We have limited experience in conducting and managing the preclinical development activities and clinical trials necessary to obtain marketing approvals necessary for marketing our product candidates, including approval by the FDA.  
 
Our efforts to develop all of our product candidates are at an early stage.  We may be unable to progress our product candidates that are undergoing preclinical testing into clinical trials.  Success in preclinical testing and early clinical trials does not ensure that later clinical trials will be successful, and favorable initial results from a clinical trial do not necessarily predict outcomes in subsequent clinical trials.  The indications of use for which we are pursuing development may have clinical effectiveness endpoints that have not previously been reviewed or validated by the FDA, which may complicate or delay our effort to ultimately obtain FDA approval.  We cannot guarantee that our clinical trials will ultimately be successful.
 
 
 
 
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We have not obtained marketing approval or commercialized any of our product candidates.  We may not successfully design or implement clinical trials required for marketing approval to market our product candidates.  We might not be able to demonstrate that our product candidates meet the appropriate standards for marketing approval, particularly as our technology may be the first of its kind to be reviewed by the FDA.  If we are not successful in conducting and managing our preclinical development activities or clinical trials or obtaining marketing approvals, we might not be able to commercialize our product candidates, or might be significantly delayed in doing so, which will materially harm our business.
 
If we are not able to retain qualified management and scientific personnel, we may fail to develop our technologies and product candidates.  
 
Our future success depends to a significant extent on the skills, experience and efforts of the principal members of our scientific and management personnel.  These members include John L. Miclot, our President and Chief Executive Officer, and Timothy Bertram, D.V.M., Ph.D., our President, Research and Development and Chief Scientific Officer.  The loss of either or both of these individuals could harm our business and might significantly delay or prevent the achievement of research, development or business objectives.  Competition for personnel is intense and our financial position may make it difficult to retain or attract management and scientific qualified personnel.  We may be unable to retain our current personnel or attract or integrate other qualified management and scientific personnel in the future.
 
We rely on third parties to conduct certain preclinical development activities and our clinical trials, and those third parties may not perform satisfactorily.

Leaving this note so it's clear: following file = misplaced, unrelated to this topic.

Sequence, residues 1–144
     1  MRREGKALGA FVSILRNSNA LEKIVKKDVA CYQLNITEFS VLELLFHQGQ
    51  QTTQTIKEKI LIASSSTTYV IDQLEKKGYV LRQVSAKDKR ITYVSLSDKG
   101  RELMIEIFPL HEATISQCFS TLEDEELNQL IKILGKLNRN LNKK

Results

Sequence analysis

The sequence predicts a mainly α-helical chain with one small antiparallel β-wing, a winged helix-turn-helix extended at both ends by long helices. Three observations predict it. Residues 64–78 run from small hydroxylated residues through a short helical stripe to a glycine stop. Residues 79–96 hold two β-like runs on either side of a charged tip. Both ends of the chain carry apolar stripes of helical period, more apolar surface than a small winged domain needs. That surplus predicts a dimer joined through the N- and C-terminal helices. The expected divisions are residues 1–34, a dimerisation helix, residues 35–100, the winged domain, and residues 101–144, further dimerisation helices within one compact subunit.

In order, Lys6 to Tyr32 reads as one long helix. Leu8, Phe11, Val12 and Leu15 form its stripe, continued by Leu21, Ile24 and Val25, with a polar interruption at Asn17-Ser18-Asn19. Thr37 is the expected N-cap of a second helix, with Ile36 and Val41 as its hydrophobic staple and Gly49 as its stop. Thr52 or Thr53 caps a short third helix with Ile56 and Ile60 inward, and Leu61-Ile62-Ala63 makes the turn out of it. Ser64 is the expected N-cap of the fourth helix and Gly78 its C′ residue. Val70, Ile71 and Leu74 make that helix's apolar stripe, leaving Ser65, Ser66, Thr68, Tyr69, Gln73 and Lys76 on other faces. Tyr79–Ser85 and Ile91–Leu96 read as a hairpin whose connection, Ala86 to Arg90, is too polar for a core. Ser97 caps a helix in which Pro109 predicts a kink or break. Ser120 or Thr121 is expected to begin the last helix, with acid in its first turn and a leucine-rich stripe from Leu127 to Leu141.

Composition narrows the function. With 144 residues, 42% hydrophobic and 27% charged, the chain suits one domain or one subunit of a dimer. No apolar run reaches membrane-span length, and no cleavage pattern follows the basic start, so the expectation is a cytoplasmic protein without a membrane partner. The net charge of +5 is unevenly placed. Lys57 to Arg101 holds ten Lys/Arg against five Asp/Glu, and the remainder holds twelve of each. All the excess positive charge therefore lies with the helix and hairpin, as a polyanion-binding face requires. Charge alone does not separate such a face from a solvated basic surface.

We do not conduct in our facilities certain preclinical development activities of our product candidates, such as preclinical studies in animals, nor do we conduct clinical trials for our product candidates ourselves.  We rely on, or work in conjunction with, third parties, such as contract research organizations, medical institutions and clinical investigators, to perform these functions.  Our reliance on these third parties for preclinical and clinical development studies reduces our control over these activities.  We are responsible for ensuring that each of our preclinical development activities and our clinical trials is conducted in accordance with the applicable U.S. federal and state laws and foreign regulations, general investigational plans and protocols.  However, other than our contracts with these third parties, we have no direct control over these researchers or contractors, as they are not our employees.  Moreover, the FDA requires us to comply with standards, commonly referred to as Good Clinical Practices, or GCP, for conducting, recording and reporting the results of our clinical trials to assure that data and reported results are credible and accurate and that the rights, safety and confidentiality of trial participants are protected.  Our reliance on third parties that we do not control does not relieve us of these responsibilities and requirements.  Furthermore, these third parties also may have relationships with other entities, some of which may be our competitors.  If these third parties do not successfully carry out their contractual duties, meet expected deadlines or conduct our preclinical development activities or our clinical trials in accordance with regulatory requirements or our stated protocols, we will not be able to obtain, or may be delayed in obtaining, marketing approvals for our product candidates and will not be able to, or may be delayed in our efforts to, successfully commercialize our product candidates.  These third parties may be warned, suspended or otherwise sanctioned by the FDA or other government or regulatory authorities for failing to meet the applicable requirements imposed on such third parties.  As a result, the third parties may not be able to fulfill their contractual obligations, and the results obtained from the preclinical and clinical research using their services may not be accepted by the FDA to support the marketing approval of our product candidates.  If the third parties or their employees become debarred by the FDA, we cannot use the research data derived from their services to support the marketing approval of our product candidates.  Finally, these third parties may be bought by other entities, change their business plans or strategies or they may go out of business, thereby preventing them from meeting their contractual obligations to us.